What is a Network Audit and How can Uptime.com Help?
Scaling sort of sneaks up on you, doesn’t it? One day, you’re carefree, the next you start to notice something is off… Maybe it’s the crashing, or the frequent dips in performance. Could it be the new hire? It’s not DNS. Is it DNS?
Scaling is a natural part of the business process, and your infrastructure will start to change completely as your userbase doubles and triples. In office, you’re celebrating major milestones but outwardly your user experience is maybe a little… awkward?
Like adolescence, server infrastructure is about knowing yourself. There can be quite a bit of waste built into poorly audited systems, no matter how useful the toolsets that may have initially justified the costs. Remember that you can spend your last dollars failing to guarantee 100% survival.
What is a Network Audit?
Put in simple terms, a network audit helps you better understand the evolving beast that is your infrastructure. Smaller companies will benefit greatly from baking these audits into their scaling process, while major enterprises will find them essential for detecting problems and waste.
CI/CD is the purest expression of Conway’s Law: your CI/CD pipeline will be broken and messy in exactly the same ways your engineering org is broken and messy. https://t.co/KHB7su003S pic.twitter.com/j0SScRTS4I
— John Arundel (@bitfield) May 16, 2020
Thinking about the specifics, a network audit involves carefully mapping your infrastructure in terms of the software, hardware, and resources that ensure the lights stay on.
Basic Needs in a Network Audit
Typically, you begin with a checklist outlining the most important elements. For example, you might start with bandwidth demands or just create a map of the systems up and running at a given time. With this understanding, you can consider needs more specific to your business.
Are you seeing dips in performance that are geographical in nature? Did you find systems you had not previously detected, and are these legacy systems still in use in any major capacity? What about frequency of outages, or total downtime? How are you stacking up against the SLA your company has set forth?
Addressing these needs is a full-time task, so today we want to explain some methods that can help make your life a little easier.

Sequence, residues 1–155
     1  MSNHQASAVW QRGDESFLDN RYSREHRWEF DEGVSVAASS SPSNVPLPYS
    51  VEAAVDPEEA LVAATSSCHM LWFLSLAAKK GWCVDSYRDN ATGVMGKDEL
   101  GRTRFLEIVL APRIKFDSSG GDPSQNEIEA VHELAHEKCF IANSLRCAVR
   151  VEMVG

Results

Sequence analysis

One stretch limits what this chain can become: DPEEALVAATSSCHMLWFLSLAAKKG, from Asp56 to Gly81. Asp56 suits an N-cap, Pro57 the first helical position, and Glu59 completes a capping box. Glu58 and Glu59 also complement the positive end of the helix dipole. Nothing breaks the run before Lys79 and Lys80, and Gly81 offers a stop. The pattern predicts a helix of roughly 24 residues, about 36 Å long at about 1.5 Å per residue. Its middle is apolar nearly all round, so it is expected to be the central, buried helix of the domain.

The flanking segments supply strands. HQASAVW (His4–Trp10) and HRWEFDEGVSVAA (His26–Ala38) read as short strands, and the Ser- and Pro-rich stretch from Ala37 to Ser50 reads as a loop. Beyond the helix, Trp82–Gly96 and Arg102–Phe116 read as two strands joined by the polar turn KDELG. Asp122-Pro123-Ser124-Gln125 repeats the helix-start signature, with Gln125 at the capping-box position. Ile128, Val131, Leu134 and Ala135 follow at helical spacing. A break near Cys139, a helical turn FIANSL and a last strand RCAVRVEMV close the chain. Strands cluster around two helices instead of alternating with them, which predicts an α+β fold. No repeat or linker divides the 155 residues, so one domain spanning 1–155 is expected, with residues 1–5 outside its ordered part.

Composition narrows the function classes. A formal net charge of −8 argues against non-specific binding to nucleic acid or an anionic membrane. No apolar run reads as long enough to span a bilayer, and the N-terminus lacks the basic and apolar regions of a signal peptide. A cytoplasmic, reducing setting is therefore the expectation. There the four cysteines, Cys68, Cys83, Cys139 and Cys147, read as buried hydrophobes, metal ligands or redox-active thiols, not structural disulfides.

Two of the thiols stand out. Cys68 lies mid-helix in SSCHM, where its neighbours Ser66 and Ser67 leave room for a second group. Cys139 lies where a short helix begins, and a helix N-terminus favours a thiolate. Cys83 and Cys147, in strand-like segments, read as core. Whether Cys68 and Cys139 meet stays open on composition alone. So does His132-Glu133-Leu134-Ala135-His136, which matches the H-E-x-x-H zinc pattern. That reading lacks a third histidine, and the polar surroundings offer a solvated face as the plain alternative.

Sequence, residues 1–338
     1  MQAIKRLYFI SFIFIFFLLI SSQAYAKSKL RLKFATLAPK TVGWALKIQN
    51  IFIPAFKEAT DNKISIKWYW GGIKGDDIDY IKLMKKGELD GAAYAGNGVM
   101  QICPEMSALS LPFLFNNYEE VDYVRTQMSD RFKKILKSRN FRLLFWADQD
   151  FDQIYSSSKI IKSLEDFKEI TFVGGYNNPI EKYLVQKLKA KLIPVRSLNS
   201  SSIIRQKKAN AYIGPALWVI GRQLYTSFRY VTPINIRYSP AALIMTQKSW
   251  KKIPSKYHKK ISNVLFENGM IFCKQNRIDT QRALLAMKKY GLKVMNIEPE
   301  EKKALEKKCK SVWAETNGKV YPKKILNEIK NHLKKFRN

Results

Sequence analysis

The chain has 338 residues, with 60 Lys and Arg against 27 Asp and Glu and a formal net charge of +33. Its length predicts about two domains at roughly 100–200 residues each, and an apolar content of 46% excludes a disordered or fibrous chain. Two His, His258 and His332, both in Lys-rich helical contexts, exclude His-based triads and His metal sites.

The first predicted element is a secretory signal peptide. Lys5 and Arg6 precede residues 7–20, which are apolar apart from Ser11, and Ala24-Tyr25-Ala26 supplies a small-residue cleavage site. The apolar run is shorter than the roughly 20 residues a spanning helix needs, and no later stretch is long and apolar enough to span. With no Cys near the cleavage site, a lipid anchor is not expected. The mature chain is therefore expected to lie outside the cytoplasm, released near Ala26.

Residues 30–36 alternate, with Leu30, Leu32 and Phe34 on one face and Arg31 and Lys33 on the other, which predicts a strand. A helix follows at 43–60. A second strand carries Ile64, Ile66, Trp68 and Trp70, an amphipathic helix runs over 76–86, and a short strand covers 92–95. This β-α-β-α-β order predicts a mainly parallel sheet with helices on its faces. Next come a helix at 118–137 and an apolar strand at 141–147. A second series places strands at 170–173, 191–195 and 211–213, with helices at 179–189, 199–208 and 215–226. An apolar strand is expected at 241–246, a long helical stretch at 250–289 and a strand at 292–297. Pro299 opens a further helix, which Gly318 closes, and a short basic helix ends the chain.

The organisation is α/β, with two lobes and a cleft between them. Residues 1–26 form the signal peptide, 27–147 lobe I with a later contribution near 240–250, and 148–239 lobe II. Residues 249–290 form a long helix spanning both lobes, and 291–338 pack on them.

Assisting with your Network Audit
We are going to look at a few important items that cover the fundamentals. Once you have gone through this list, you should have a more developed overview of your network, applications, and associated infrastructure.
Monitor Your Entire Site and Discover Systems
Let’s begin with Monitor Entire Site, a tool that can dig deep to find associated infrastructure you may not be monitoring. Everything from a basic HTTP(S) check to malware/blacklist testing and DNS error detection is possible.
It’s a good idea to periodically check in with this tool, running URLs critical to your application. Doing so will help you zero in on checks you might have missed for a more comprehensive monitoring system.
Audit Ex-Employees and (Re)Configure Escalations
One of the most common questions we receive at Uptime.com support is about removing or otherwise adjusting users who no longer work for a company. Routine auditing will catch these users before they pose a significant security risk. Users may also shuffle around to various groups. They may manage this themselves with tags, but an audit will help uncover elements that otherwise slip our collective radar.
Additionally, we recommend auditing your escalation system. Are alerts arriving timely, and can you act on them? It is true that small outages may still affect your SLA, but when you cannot act on these outages you are wasting effort. Audits will help you consider these types of challenges carefully.
There are multiple reasons an integration may stop working. In these situations, Uptime.com will pause the integration and send an email informing you of the error and requesting you re-configure your integration.
But these errors are most common when the integration is consistently generating data (such as performance metrics). If an alert integration suddenly stopped working, it could slip unnoticed and lead to undetected alerts.